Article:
Aiden Skudder and his companions have been duckshooting for as long as they can remember, and are well prepared for the season's opening on Saturday.
Following tradition they will spend opening morning at Porangahau, but they are also looking forward to spending time in the coming weeks at a dam in Lawn Rd, where much effort has been expended to make it duck-friendly.
"It was a natural spring which we've got up to scratch with planting - Japanese millet, flax, manuka - it's brought the ducks on to it.
"We got the millet idea from the United States and the ducks love it, it's about four feet high and they pull it down to get the seeds out."
In fact, more time had been spent preparing the dam than shooting on it, he said, seemingly paying off with plenty of ducks making an appearance in recent weeks.
The new three-shot rule, requiring hunters to plug their shotgun magazines so that the gun holds no more than two shots in the magazine and one in the breech, was also no concern for these deadeye dicks.
"We were talking about that last year, it will be good for people who are good shooters who when six to 10 [ducks] come in can drop the whole lot," Mr Skudder said.
Not that it was all about killing - for Mr Skudder and friends it was about skill and the thrill of the chase.
"It's about calling - we don't use electronic callers, we are old fashioned and use duck callers."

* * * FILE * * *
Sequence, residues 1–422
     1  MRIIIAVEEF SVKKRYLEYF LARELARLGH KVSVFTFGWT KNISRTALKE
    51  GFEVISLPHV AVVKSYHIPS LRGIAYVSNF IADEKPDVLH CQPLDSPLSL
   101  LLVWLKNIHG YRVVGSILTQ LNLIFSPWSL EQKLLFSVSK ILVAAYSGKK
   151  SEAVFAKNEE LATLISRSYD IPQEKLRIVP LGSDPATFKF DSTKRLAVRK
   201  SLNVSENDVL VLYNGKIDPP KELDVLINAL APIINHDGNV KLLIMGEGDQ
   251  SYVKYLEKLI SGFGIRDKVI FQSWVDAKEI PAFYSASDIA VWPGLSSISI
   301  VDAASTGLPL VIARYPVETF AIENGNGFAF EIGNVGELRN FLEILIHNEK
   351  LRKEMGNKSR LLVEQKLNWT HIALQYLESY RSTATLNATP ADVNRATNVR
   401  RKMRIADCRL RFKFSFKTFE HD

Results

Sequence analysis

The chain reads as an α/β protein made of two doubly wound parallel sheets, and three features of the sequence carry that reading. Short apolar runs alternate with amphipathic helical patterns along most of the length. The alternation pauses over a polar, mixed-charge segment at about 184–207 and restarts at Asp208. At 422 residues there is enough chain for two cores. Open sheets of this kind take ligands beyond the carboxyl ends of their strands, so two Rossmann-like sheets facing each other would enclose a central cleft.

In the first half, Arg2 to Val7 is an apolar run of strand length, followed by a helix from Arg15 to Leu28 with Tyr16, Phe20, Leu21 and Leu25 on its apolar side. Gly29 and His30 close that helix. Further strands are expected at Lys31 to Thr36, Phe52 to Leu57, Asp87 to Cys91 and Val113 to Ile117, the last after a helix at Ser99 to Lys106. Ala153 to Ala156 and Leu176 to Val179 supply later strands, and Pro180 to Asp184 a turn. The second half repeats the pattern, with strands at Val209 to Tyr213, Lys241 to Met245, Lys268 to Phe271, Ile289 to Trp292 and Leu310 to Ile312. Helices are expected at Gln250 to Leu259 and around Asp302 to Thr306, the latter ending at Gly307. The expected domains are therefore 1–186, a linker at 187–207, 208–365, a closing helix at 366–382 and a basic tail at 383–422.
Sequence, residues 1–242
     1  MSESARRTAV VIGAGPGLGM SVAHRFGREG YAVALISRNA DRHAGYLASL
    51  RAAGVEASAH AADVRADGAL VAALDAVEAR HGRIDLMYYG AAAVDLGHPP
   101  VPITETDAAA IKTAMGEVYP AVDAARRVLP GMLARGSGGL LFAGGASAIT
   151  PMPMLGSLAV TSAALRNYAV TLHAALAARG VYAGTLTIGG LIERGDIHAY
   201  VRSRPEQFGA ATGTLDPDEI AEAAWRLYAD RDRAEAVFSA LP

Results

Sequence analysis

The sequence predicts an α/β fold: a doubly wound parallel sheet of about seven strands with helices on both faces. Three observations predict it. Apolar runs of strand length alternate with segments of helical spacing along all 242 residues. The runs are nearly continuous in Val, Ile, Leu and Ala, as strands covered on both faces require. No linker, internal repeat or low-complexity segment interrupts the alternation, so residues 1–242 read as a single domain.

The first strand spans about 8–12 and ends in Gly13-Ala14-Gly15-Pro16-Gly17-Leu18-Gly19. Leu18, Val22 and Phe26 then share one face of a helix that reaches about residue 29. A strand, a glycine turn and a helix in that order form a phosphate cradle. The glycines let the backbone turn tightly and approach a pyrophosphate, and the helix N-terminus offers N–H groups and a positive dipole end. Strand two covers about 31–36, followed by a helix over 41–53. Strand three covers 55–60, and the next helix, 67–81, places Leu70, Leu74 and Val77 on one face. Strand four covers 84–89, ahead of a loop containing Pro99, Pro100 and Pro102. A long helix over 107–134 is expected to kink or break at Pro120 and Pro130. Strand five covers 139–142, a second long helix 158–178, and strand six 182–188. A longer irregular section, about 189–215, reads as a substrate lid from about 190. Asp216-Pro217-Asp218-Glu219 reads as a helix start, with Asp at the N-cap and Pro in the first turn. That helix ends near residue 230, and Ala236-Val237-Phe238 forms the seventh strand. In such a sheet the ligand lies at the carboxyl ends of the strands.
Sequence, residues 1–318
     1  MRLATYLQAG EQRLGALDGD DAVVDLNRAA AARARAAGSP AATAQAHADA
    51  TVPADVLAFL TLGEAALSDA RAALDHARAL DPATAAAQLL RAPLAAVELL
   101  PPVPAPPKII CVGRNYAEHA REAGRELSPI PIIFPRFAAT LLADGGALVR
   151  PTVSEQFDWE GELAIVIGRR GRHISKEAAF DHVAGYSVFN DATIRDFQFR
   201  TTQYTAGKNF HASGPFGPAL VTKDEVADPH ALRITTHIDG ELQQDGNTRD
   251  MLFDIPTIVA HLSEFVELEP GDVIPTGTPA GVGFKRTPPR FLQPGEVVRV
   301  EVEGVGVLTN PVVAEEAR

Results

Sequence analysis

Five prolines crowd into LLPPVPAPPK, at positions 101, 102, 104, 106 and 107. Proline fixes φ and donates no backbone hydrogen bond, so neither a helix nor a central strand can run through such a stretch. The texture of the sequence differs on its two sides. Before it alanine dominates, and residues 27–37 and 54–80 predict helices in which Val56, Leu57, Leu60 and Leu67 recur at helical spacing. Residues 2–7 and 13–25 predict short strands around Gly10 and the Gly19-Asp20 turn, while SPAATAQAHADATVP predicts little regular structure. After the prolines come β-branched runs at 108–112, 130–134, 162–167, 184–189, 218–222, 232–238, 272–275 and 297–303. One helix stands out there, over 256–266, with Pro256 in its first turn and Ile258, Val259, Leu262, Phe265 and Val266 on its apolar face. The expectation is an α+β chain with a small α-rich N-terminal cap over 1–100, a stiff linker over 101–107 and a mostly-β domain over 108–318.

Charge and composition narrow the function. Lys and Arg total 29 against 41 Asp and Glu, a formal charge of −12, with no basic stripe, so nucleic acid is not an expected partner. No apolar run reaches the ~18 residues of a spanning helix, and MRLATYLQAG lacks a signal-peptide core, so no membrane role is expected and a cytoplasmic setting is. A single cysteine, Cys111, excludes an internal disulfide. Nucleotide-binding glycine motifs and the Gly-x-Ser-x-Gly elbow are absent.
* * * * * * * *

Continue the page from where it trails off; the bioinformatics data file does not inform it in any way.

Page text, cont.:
They have also foregone the 12 gauge shotguns, opting instead for sub-gauge models that Mr Skudder described as a "taxidermist" gun.
"It's not smashing them with lots of pellets when they get so peppered you can't eat them."
Meanwhile, local Fish & Game officers urged hunters to swot up the "rules and regs", and get their licence as soon as possible before heading out on Saturday morning.
Hawke's Bay Fish & Game manager Mark Venman said rangers would be checking game bird hunters throughout the season.
"Hunters in the Hawke's Bay region are lucky to have a variety of species to harvest, including quail, pheasants, ducks, swans and the pukeko.
"Thanks goes again to our local preserves for their donation of over 150 cock pheasants that were released along our river corridors last spring," he said.
In addition, results from the annual mallard banding programme indicated that there'd been a good breeding season, Mr Venman said.
"Coupled with plenty of rain throughout April there are plenty of opportunities for hunters to harvest game birds."
Hunters were urged to report the details of any banded bird that they harvested to assist with sustainable waterfowl management.
They were also encouraged to buy their hunting licence now to avoid missing out on what was predicted to be one of the best seasons in years.
Duck hunters are being urged to wear life jackets when hunting on waterways this game bird season, with water levels in some parts of the North Island still much higher than normal as a result of the recent storms which deluged the country.
The game bird hunting season opens this Saturday and the traditional event will see thousands of hunters venturing out on rivers, lakes, streams and into wetlands around the country.
In early April, Cyclone Debbie brought heavy rain and flooding to many regions and floodwaters still haven't completely subsided in some regions, such as Bay of Plenty and Waikato.